Guest Blog: Malicious Scripts Gaining Prevalence in Brazil

Posted by    on   Jul 28, 2016

In the run up to VB2016, we invited the conference sponsors to write guest posts for our blog. In the second of this series, ESET's Matías Porolli writes about malicious Visual Basic and JavaScript gaining prevalence in Brazil.

Had we looked at the map of malware detections in Brazil a year ago, we would have seen that the two main computer threats were the downloaders that installed banking trojans, and the banking trojans themselves. Today, the situation remains the same, but with a special extra ingredient – while threats used to predominantly be Windows .exe files, today there are also Java .jar files, as well as Visual Basic Script and JavaScript among the Top 10 threats.

To understand this change in the platforms used by cybercriminals, we analysed both a JavaScript and a Java threat. But first, let's take a look at the Top 10 threat detections in Brazil for the first five months of 2016. The most prevalent is a generic detection of obfuscated scripts; even though the final payload may vary, below we will see a connection between this kind of detection and banking trojans. Although we will not elaborate on the other nine threats, it is worth noting the many different programming languages and platforms that are being used in attacks targeting Brazil today.

Name of the threat Level of prevalence
VBS/Obfuscated.G 10.52%
JS/Danger.ScriptAttachment 4.60%
VBS/Kryptik.FN 3.50%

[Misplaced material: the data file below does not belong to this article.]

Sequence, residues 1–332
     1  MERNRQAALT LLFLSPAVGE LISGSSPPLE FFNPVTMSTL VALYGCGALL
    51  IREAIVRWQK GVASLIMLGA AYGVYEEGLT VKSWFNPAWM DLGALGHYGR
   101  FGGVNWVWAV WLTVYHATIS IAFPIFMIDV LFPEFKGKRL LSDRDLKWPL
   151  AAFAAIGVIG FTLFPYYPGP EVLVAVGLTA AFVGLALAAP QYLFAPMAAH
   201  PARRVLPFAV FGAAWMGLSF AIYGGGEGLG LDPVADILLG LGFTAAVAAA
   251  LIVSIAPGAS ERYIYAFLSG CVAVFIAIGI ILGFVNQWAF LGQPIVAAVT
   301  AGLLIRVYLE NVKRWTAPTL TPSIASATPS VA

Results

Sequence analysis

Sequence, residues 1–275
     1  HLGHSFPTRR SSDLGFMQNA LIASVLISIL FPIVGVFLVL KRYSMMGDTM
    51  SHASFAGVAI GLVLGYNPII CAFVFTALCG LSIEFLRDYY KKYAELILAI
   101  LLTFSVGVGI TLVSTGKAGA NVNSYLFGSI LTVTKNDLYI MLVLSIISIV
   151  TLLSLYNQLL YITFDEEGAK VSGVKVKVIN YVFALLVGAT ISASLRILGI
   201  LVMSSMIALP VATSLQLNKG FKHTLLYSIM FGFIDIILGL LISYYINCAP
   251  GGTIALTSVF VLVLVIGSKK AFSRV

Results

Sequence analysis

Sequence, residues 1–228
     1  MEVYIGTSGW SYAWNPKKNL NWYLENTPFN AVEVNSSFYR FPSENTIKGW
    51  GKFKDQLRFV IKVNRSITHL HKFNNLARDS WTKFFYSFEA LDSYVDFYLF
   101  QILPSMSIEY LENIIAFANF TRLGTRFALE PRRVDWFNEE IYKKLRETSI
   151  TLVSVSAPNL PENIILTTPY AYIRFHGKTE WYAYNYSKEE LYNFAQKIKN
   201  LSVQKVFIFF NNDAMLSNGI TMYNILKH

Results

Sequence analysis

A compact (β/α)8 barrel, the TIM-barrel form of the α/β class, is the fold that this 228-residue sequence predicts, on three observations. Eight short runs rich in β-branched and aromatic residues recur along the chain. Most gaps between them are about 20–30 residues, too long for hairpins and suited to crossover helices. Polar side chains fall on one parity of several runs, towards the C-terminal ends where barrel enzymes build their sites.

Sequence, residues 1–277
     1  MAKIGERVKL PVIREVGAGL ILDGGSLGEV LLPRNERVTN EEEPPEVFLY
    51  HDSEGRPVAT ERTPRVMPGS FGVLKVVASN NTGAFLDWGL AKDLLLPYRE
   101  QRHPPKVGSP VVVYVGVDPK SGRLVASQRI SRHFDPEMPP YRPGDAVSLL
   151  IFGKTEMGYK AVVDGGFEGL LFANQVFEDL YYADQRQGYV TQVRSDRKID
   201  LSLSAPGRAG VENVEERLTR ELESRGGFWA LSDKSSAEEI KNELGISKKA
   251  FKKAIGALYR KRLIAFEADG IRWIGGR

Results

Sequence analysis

Win32/Toptools.A 3.09%
JS/TrojanDownloader.Iframe.NKE 2.66%
Java/TrojanDownloader.Banload.AK 2.24%
Java/TrojanDownloader.Banload.AE 2.18%
Win32/Toptools.D 2.18%
JS/Adware.Agent.L 2.09%
JS/Toolbar.Crossrider.G 2.06%

 

In particular, at ESET's Research Lab we have seen a malware campaign in which the threats are being hosted on the MEO cloud service, which is based in Portugal; in most cases, these are banking trojans. The propagation method is via emails with a link to download the malware.

We can take one of those files as an example: Boleto_NFe_1405201421.PDF.js, detected by ESET as VBS/Obfuscated.G.

Although the script code is obfuscated, the encryption used is easy to reverse. Even without decrypting, we can see that a file disguised as a .jpg file is downloaded to the ProgramData folder under the name flashplayer.exe, and is then executed.

Eset-blog-Fig1.png

This file – flashplayer.exe – is in turn a banking trojan downloader, which downloads and runs a third executable named Edge.exe. This executable is detected as a Win32/Spy.KeyLogger.NDW variant; however, apart from recording the keystroke events, it has all the functionalities of a banker. Among its many features, it obtains the address of the website the user is visiting and checks it against a list of banking websites, using DDE, as we described in the article 'Cómo reconstruir lo que envía un troyano desde un sistema infectado' (How to Rebuild What a Trojan Sends From an Infected System).

The difference is that, this time, the trojan includes code for a larger number of browsers including:

Eset-blog-Fig2.png

The strings are encrypted with a custom XOR-based algorithm; some of them can be seen below. It is clearly trying to steal access credentials for Brazilian banking sites.

Eset-blog-Fig3.png

We can see how cybercrime is evolving in Brazil, migrating to new platforms and using various programming languages in its attempt to evade detection. Its goals, however, have not changed that much – stealing banking credentials is still the most profitable attack and is therefore the most common.

For more details on this campaign, visit Matías' full article at WeLiveSecurity.com. More articles from the ESET experts can be found on the latest research section of their blog.

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